Five Groups That Aren't Buying It
The AmishEstimated Membership:
U.S. & CanadaThe Amish have been partying the same way since 1693, and though less-strict communities allow for some use of technology (solar energy, hydropower) their commitment to simplicity is impressive: most travel by horse-drawn buggy, sew their own clothes on foot-powered machines, and cook on wood-fired stoves. This level of immaterialism is not for the hasty. As one Amish farmer told the Institute for Environmental Studies: "We often joke that where tractors can plough a six-acre field in two hours, I figure two days-but my time includes listening to vesper sparrows and meadowlarks and watching clouds scud across the sky."No Impact ManEstimated Membership:
3 known, countless inspiredHomeland:
New York CityOf the multitude of bloggers bent on sitting at a computer to champion their sustainable lifestyle, No Impact Man (44-year-old writer Colin Beavan) is arguably the most serious: he has given up producing any sort of trash, using carbon-fueled methods of transport, shopping for anything but food grown within a 250-mile radius of his apartment, and-here's the best part-toilet paper. His wife and daughter are along for the ride, which is documented on his blog and a forthcoming book and documentary, due out year.The Church of Stop ShoppingEstimated Membership:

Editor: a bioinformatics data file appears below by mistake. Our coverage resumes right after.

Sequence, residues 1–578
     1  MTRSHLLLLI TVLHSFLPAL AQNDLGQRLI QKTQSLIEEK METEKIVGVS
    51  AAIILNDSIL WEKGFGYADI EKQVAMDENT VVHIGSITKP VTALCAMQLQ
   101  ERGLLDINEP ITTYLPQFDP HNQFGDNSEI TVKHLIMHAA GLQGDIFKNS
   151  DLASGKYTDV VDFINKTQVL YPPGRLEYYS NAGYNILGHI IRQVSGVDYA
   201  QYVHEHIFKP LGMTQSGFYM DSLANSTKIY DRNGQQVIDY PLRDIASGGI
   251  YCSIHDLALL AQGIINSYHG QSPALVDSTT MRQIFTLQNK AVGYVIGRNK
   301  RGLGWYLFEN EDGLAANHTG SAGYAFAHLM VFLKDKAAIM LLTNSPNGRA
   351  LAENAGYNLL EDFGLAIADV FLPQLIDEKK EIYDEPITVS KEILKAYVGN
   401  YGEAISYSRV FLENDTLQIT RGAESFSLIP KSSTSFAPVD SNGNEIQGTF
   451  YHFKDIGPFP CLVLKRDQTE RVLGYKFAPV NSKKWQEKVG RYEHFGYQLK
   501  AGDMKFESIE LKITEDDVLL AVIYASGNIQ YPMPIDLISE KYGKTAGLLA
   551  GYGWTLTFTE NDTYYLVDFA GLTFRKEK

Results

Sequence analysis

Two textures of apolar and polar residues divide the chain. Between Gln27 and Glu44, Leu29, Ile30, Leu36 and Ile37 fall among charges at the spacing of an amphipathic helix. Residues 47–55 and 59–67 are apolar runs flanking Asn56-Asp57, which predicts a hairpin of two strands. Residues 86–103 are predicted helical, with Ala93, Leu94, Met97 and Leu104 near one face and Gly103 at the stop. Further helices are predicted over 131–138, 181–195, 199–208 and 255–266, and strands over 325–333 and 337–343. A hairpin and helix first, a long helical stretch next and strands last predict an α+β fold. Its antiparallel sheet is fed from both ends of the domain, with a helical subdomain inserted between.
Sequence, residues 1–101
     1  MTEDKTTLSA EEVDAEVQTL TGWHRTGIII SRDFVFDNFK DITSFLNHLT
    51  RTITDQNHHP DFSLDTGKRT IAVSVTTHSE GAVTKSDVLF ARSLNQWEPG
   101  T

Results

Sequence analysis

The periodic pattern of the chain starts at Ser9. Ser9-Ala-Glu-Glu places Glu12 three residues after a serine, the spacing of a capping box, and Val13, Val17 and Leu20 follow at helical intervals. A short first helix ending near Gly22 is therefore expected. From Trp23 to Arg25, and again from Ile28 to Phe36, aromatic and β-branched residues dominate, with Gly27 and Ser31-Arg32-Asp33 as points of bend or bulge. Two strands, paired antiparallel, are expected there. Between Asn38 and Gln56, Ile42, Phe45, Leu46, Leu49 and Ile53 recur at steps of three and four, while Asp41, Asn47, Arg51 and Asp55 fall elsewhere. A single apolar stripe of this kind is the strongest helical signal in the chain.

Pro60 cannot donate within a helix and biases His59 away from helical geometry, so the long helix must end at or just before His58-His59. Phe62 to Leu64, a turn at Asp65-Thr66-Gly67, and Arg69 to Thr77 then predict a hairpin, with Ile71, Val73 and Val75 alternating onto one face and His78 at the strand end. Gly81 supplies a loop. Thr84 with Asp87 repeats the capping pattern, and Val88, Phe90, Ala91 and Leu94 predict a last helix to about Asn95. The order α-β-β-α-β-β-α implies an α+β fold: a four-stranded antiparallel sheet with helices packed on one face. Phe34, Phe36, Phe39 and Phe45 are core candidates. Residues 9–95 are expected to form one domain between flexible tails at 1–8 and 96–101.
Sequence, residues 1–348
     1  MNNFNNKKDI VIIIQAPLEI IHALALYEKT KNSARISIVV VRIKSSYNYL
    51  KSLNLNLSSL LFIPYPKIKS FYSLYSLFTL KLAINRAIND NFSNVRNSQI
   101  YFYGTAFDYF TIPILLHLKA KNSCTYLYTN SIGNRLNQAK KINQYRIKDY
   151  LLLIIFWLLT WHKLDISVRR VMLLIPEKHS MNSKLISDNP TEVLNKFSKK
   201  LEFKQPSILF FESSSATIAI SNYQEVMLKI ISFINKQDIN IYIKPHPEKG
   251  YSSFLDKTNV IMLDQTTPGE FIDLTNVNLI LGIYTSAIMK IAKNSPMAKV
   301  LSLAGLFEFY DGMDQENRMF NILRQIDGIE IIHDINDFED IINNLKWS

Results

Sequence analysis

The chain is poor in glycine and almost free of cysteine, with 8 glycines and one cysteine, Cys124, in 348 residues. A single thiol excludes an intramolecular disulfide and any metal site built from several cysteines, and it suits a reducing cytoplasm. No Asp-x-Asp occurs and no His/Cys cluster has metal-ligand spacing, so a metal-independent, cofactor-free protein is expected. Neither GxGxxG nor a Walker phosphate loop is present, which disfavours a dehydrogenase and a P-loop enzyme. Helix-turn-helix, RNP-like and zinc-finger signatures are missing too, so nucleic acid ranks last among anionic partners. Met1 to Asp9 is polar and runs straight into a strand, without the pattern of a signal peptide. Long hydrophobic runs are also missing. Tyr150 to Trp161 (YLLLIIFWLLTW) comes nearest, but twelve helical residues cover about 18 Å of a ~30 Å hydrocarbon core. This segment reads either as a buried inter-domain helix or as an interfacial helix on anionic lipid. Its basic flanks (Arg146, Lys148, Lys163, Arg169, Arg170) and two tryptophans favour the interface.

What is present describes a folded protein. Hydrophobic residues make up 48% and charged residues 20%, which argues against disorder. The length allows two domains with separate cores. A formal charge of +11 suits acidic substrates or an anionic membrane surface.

WorldwideWhen performance artist Bill Talen (aka "Reverend Billy") started preaching to the bag-laden shoppers in New York City's Union Square in the late 1990s, little did he know he'd launch a new religion. There are now members of the Stop Shopping Gospel Choir in every continent but Antarctica. Their credo: The Shopocalypse is nigh, and they'll do anything to stop it, from marching (and singing anti-corporate songs) down Disneyland's Main Street to releasing a Morgan Spurlock-produced documentary-What Would Jesus Buy?-just in time for the holidays last year.More on The Church of Stop Shopping from GOOD: "Shop Till You Drop?"The CompactEstimated Membership:
WorldwideHere's the challenge: buy nothing new for one year-no clothes, no toys for your kids, no half-off DVDs. You can buy food, health and safety items, and underwear (shopping for worn panties would just be gross), but that's it. In an effort to curb consumption, 10 San Franciscan friends did just that, and inspired people all over the globe to do the same. It's not easy, but the community they've forged online and at monthly meetings helps them get what they need. As Compacter John Perry told the SF Chronicle, "We had a little crisis when Matt and Sarah had to replace their shower curtain liner and we said no, but we put the word out and someone found one for them."More on The Compact from GOOD: "The Compact"FreegansEstimated Membership:
WorldwideA burgeoning group of educated, often middle-class people who root through trash to cull usable waste. Obviously, not everyone who dumpster dives is a Freegan-most just do it to survive-but Freegans will tell you that their process is less about acquiring things than it is a total boycott of an economic system that's put profit above everything and everyone else. See Freegan.info for foraging tips and a city-by-city dumpster directory.